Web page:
Breach and Attack Simulation Guide
In case you missed it, Threatcare released an all-new, one-of-a-kind, FREE Breach and Attack Simulation solution to the public a few weeks ago. Since the release, we’ve developed a help center to guide users on their journey into the Breach and Attack Simulation realm. We were fortunate enough to stumble upon an article written by security guru, Mike Ripp. Mike went through the process of executing a BAS on his personal network and took the time to document it all. Like most security experts, Mike used common open source tools, like Snort, to validate the traffic generated by Threatcare was captured properly. We’re sharing his article for the benefit of all of our new Threatcare subscribers. Check it out below!
Testing the Lab Network With the Threatcare Simulation App
by: Mike Ripp
Recently I decided to try out the Threatcare Breach and Attack Simulation app on my lab network. I kept things pretty basic and only tested one of the options from the playbook. The app provides a number of options to simulate attacks and other threats to a network, mostly utilizing MITRE’s ATT&CK framework.
I would like to try out the “Create Playbook” option & see how many different attacks can be made.
For this quick write-up, I will be using the Initial Access tactic to see how my network reacts. After signing into the application, the screenshot above is what the user is brought to. There are a number of options that can be checked out however with this being the free version, not all options are available. Starting a simulation is as simple as clicking on one of the playbooks. It would be interesting to see how the create playbook option would allow the analyst to structure an attack from initial access to command and control.
As usual my IDS of choice is Snort, hopefully, we will get some alerts to fire and not be caught with our pants down.
Snort ready to rock.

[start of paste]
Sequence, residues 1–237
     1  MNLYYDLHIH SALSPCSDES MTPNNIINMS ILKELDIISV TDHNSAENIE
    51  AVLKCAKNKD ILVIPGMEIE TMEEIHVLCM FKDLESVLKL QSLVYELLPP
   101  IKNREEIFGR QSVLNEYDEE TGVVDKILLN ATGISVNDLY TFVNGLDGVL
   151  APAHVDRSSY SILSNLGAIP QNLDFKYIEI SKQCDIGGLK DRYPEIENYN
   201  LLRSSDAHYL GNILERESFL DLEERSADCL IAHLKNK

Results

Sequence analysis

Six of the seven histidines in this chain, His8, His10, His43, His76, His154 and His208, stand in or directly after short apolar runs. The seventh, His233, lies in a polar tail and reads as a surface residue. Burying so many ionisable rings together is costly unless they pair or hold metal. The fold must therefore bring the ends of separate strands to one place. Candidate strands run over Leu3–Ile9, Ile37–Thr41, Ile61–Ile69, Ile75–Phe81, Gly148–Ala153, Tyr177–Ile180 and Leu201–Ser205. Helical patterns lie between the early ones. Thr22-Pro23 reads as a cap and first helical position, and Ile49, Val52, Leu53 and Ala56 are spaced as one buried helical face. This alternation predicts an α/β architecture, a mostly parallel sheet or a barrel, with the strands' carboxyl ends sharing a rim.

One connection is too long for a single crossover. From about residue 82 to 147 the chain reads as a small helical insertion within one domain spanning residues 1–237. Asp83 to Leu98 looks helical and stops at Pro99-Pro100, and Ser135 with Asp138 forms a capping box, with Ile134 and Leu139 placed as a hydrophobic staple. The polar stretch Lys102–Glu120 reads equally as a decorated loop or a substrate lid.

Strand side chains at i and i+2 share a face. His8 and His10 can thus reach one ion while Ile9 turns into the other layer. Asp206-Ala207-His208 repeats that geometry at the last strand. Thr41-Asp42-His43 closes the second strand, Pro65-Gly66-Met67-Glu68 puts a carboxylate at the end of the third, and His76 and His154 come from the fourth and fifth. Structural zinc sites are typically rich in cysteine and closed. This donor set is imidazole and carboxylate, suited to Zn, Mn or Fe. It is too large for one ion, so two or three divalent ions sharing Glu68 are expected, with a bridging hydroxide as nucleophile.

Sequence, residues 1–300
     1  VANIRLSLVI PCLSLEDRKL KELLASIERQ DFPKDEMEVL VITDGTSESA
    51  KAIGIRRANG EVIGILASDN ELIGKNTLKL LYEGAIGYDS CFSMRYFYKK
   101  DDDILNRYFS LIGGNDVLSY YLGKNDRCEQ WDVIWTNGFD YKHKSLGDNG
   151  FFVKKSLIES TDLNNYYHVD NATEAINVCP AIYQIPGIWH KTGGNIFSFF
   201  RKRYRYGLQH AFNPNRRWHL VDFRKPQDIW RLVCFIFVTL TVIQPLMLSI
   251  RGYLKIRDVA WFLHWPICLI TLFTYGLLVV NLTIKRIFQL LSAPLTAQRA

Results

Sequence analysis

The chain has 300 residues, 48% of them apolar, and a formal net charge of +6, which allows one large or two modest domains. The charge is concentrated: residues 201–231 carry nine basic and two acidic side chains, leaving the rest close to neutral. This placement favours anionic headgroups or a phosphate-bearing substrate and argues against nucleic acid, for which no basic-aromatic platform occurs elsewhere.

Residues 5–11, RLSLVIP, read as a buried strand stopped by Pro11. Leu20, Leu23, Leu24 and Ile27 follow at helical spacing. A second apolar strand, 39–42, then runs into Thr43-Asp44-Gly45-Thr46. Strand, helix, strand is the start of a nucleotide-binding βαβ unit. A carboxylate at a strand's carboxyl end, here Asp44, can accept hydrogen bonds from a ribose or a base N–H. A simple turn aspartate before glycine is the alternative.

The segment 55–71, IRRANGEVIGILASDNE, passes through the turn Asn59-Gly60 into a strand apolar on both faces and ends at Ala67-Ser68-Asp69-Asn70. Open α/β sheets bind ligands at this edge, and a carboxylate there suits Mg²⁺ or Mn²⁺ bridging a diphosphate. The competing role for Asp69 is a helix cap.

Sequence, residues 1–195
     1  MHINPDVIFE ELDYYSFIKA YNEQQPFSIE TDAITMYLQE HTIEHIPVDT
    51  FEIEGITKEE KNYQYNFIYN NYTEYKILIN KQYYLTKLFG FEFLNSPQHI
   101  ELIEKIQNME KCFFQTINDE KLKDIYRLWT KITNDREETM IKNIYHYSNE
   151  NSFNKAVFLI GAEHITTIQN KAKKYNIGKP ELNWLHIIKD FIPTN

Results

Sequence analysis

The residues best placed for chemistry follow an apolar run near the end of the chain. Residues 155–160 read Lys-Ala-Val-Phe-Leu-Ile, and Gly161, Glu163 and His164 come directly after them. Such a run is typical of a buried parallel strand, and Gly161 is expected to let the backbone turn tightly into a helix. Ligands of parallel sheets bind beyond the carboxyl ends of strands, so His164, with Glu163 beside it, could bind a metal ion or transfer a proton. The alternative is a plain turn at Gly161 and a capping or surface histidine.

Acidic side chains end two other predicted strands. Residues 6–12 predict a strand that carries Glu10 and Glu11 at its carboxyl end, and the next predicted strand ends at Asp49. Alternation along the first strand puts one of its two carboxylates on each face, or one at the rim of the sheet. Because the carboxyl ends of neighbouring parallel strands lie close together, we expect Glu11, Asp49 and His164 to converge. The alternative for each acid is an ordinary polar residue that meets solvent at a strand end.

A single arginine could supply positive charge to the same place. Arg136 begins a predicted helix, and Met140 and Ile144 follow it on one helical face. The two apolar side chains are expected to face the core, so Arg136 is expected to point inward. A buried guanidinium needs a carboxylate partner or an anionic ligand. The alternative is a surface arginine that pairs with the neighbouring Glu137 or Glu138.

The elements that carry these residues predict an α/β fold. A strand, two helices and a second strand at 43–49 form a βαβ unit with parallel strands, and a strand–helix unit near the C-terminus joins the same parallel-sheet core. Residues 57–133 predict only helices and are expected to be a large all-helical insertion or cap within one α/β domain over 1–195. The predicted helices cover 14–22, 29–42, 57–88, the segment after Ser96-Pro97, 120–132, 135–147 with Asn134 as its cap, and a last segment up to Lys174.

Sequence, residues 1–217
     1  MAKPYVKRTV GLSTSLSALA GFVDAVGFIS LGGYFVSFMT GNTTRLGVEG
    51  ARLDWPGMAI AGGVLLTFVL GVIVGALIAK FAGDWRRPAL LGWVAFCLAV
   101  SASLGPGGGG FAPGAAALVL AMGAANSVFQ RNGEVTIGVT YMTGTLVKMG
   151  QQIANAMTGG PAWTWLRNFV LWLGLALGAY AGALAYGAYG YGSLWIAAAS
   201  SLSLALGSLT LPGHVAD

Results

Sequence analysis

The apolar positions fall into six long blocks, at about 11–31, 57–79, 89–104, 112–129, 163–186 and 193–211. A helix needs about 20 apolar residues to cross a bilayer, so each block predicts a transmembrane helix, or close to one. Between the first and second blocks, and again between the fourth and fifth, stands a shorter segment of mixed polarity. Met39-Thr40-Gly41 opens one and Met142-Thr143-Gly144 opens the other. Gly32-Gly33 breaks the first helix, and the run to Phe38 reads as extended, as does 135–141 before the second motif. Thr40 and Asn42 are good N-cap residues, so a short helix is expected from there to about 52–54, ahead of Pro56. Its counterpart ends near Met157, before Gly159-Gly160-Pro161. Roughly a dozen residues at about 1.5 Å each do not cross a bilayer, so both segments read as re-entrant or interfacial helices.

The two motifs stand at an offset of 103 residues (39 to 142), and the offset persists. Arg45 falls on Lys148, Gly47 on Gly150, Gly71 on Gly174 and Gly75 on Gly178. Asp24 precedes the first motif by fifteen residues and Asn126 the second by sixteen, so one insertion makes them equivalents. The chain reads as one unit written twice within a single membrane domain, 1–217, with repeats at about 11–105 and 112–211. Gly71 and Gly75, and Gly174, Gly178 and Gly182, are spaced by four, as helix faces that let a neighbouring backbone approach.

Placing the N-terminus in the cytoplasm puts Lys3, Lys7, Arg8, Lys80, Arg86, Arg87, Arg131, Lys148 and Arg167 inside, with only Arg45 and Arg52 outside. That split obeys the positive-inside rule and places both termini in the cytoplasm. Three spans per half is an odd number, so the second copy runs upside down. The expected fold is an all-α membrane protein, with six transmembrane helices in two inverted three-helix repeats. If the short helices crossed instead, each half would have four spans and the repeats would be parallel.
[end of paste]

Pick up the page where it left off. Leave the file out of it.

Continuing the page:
After clicking the playbook, the page moves over one tab to “Techniques”. Here we can see in real-time the commands that are used in the simulation.
The kitchen sink of attacks.
As you can hopefully see from the above picture, the attack isn’t limited to just one file or executable. Windows PE’s, Jar files, malicious PDF’s, and even Mimikatz make appearances in this playbook. Luckily my current Windows setup blocked a few of the attempts, let’s see how Snort is holding up.
Two alerts. Let’s check them out.
We know the suspect IP addresses from the Snort alert. We can get more information from our PCAP and Wireshark, but first we can verify some things in Sysmon.
Network Connection Event for our first address.
Second network connection.
We can verify that the traffic we are seeing is indeed the simulated traffic from the Threatcare app. Totally unrelated to the current topic, but I tried out the Windows Defender Exploit Guard rules and added them to Sysmon. I am still trying to understand Exploit Guard and will see if I can utilize the rules on the next post.
With Snort alerting us to the possibility of some executable files, we should be able to extract the files in Wireshark.
Test malicious exe and PDF.
After extracting both test files, we can verify the file types that are suspected of infecting the machine.
The famous “MZ” in the first few bytes tips us off to badness.
While this was a quick post and not meant to be a critique or review of the application, there is a heck of a lot more that could have been done as far as incident response. The Threatcare application allowed for some quick simulation traffic that I am sure would be helpful in large networks, and probably more fun to analyze than my poor lab setting.
These certainly are great times with all of the attack simulation software that is out for defenders and red teamers. For those interested in detection, hunting and the like, these tools are invaluable in getting your feet wet.
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Thanks again, Mike!